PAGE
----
File this under “Dur,” but any and every meal you eat should feature some plants. Savory bowls tend to feature vegetables, and sweet bowls tend to feature fruit, but don’t be afraid to experiment. The fun part of a bowl is that you can throw together a bunch of stuff and see how it tastes without committing too much effort or too many ingredients. Blueberries didn’t go with bell peppers as well as you hoped? Leave them out of the next bowl.
This is also where that notion of meal prep can come in. Have you ever, in your enthusiasm to be healthier, bought way more fresh produce at the store than you could possibly use before it rotted? Maybe you bought three shallots when the recipe calls for one-fourth cup chopped and then, whilst chopping, realized that you have no idea what constitutes a fourth of a cup. Suddenly, you have a lot of shallots to spare! Okay, stop feeling personally attacked and get out a cutting board. Rather than feeling helpless and watching produce slowly go bad, start chopping. Cut it up, roast it in your oven on a cookie sheet, pan fry it on the stove top, steam it with one of those basket things, Google how to mass cook veg in an Instant Pot . . . you’d be amazed how many vegetables you can cook when you aren’t worried about how they are going to be assembled into a meal and your primary goal is just keeping them from going bad a little bit longer.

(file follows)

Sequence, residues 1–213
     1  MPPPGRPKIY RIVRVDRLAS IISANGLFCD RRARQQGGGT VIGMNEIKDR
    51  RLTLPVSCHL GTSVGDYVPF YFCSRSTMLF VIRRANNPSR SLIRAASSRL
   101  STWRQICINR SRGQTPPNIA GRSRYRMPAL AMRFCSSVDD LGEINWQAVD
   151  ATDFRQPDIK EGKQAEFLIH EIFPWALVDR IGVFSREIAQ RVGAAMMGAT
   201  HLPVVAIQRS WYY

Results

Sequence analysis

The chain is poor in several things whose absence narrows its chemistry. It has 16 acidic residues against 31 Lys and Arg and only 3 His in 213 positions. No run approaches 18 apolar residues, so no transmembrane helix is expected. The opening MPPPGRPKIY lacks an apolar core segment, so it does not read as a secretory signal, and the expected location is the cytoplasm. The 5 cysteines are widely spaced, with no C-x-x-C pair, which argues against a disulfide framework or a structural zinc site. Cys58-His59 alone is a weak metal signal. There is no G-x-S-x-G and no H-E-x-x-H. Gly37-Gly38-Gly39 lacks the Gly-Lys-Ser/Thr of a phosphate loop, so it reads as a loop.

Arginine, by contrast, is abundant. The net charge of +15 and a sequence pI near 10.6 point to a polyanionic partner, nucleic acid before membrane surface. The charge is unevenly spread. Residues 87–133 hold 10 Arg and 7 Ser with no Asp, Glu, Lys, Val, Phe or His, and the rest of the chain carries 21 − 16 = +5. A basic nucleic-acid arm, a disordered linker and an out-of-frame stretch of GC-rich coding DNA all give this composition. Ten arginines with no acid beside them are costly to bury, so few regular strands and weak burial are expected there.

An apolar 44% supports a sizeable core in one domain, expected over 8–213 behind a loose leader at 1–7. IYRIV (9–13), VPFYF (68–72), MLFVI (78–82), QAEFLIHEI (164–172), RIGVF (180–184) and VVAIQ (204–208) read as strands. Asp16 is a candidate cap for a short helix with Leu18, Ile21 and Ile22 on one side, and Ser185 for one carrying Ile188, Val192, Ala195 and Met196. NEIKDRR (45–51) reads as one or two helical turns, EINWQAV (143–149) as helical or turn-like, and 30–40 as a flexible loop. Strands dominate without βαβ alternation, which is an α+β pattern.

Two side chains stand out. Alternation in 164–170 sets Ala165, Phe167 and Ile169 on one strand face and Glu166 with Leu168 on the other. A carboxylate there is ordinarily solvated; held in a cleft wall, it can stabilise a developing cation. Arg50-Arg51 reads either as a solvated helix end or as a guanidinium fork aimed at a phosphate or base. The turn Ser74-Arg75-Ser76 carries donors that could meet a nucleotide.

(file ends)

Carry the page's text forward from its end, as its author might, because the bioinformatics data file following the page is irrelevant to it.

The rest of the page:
So, what do you do with a bunch of random cooked vegetables? Throw them in a bowl! They go great over grains or in a salad. They also go great in a pita pocket or between slices of whole wheat bread, or just straight into your mouth as a snack. Absolutely any and every veggie are appropriate for batch cooking whenever you realize, oh crap, they’ve been in the fridge a while, haven’t they?
There’s a myth that it’s hard to get protein in a plant-based diet. That really isn’t true. Protein comes in so many forms that you have a lot of options, and most of them aren’t tofu. Some of my favorite pantry staples include:
Frozen, shelled edamame
All of these require minimal prep to toss into a meal and bump up the protein factor. Most Americans are eating way more protein than they need to survive and have this idea that it can only come from one central source. In reality, a lot of the things you are eating already have protein in them, such as potatoes (I know, mind blown), so the protein starts to add up pretty quickly in a meal with a lot of parts and pieces. But if you are concerned or are trying to get more protein for training or something, just stop and make sure you’ve got some legumes in your meal and you should be good to go. If you want get a little fancier, look for seitan or tempeh in the vegetarian section of your grocery store. Cook it while you’re roasting some veg and some rice is going in its cooker and you’re already on your way to a meal in a bowl.
The draw of bowls is the promise of a low-effort meal, so look for flavor enhancers that are already good to go. A dob of hummus or harissa is often all you need. Vegan pesto, salsa, guacamole, a vinaigrette, or a go-to spice blend (such as an everything bagel mix) can give your bowl of rice and veggies just the extra zing it needs to turn it into a meal. In a pinch (pun intended), salt, pepper, and lemon juice are transformative objects (and also a great low-cal alternative to restaurant salad dressings). The point is, don’t overthink it. Just toss something in there and see how it plays with the other ingredients.
Mix it Up